The Offensive God

Offend: to cause (a person or group) to feel hurt, angry, or upset by something said or done

Jesus Christ was not the sweet Sunday school teacher we would have rather him to have been. His messages were just as often offensive to listeners as they were comforting. We tend to gravitate towards the words of grace that our souls long for, and well we should because without grace we are doomed. We shouldn’t be shocked by his offensive words though, because Peter describes Jesus as, “A stone of stumbling, and a rock of offense.”

Jesus was clear in so many verses that we need to “put up or shut up.” These words sting because they convict us and make us aware of how far we fall short. Jesus used strong words often, both with the crowds and his own disciples. Sometimes, he was even angry. Even when ticked off, Jesus acted solely out of love. He fulfilled and lived Hebrew 12:6, “The Lord disciplines those he loves.” Rather than correcting people to lord his power over them, Jesus’ rebukes or commands always had purpose to benefit his followers.

Jesus refused to compromise his message and mission. His cousin John was the same way and was relentless in challenging society. He had to express the truth of the Kingdom of God regardless of the consequences. Of course he offended to the point of losing his own life. Kind of like Jesus did. Both of them had a mission worth dying for and the blood of their martyrdom serves as the foundation of our faith.

Let me give you a specific example of one potentially offensive verse that we need to think about:

John said to the crowds coming out to be baptized by him, “You brood of vipers! Who warned you to flee from the coming wrath? Produce fruit in keeping with repentance.

…The ax is already at the root of the trees, and every tree that does not produce good fruit will be cut down and thrown into the fire.”

“What should we do then?” the crowd asked. John answered, “Anyone who has two shirts should share with the one who has none, and anyone who has food should do the same.” (Luke 3:7-11 NIV)

If John was a pastor and that was a Sunday morning message, he might have been voted out and fired by the elders after service. He threatened the crowd to start acting like God the father or they were going to burn. His words were prickly, barbed and blunt. No softness, no consolation and no coddling. Rather than getting offended this time, the crowd responded with a plea for direction. “How do we embrace Heaven and escape Hell?”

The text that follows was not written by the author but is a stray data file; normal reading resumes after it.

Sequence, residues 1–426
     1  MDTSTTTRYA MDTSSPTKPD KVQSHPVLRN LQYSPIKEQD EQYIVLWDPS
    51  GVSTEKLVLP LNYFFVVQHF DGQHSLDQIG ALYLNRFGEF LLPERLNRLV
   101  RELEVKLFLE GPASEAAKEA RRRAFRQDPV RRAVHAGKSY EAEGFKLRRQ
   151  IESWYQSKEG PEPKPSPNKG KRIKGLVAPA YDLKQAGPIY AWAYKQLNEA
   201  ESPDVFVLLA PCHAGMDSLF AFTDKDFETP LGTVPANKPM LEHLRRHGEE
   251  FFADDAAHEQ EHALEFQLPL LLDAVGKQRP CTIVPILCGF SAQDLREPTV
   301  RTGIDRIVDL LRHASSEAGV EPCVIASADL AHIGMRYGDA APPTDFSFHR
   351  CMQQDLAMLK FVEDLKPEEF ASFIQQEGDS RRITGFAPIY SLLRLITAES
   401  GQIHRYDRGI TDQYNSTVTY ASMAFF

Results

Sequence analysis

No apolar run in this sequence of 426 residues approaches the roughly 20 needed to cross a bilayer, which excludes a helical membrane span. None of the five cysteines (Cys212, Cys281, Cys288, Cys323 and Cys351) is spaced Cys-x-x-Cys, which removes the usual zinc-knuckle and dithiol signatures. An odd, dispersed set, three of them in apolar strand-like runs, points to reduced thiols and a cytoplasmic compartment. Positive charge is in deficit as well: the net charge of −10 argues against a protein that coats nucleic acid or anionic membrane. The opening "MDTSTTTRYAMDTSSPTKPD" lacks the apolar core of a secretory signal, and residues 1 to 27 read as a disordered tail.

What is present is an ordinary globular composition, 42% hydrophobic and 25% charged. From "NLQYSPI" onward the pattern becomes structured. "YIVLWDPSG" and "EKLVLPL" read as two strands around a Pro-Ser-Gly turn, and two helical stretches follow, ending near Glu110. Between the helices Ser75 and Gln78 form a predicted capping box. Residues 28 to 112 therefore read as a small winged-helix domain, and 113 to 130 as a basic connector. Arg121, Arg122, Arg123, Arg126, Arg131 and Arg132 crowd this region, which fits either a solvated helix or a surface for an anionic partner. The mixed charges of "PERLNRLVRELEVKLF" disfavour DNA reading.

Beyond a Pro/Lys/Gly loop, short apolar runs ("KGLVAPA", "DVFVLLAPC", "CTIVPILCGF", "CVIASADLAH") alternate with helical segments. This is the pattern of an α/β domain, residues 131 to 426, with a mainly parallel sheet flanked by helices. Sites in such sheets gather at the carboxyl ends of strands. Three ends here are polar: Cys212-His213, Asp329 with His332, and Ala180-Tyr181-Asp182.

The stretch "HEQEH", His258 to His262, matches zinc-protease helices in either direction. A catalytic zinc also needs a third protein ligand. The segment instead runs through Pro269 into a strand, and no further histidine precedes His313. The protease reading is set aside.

John could have said anything, but he pointed them towards the poor. Basically he told them that if they wanted to act like God, they should give clothing and food to the needy. He could have pointed them to more worship, tithing, Bible study or spiritual disciplines, but he challenged them to embrace the poor and by doing so they would be embracing God.

This isn’t a nice little Bible story. John says that unless you and I have good fruit, the ax is coming. What is good fruit? Not attending more church services, avoiding profanity, longer morning devotionals or more anointed prayers. Nice things and good things, but John says that isn’t it.

Good fruit is washing the feet of the weak, generously giving to the hurting, being a brother to the stranger. Good fruit is putting clothes on someone’s back and food in their belly. The good news is that if this fruit isn’t a part of our lives, we can repent and let God change us to make us truly fruitful. Yes, Christians still need to repent. At least I do -over and over.

At New York City Relief, we exist to give people a place to bear this kind of fruit. The Relief Bus outreach is a great way to lavish God’s best on those who have the least. The homeless are so touched that volunteers would come bearing gifts of new socks and fresh soup.

Let’s cultivate a lifestyle of growing delicious spiritual fruit that allows others to taste God’s goodness in us. Here is the benefit on our end: REFRESHING

“Repent, then, and turn to God, so that your sins may be wiped out, that times of refreshing may come from the Lord,” Acts 3:19

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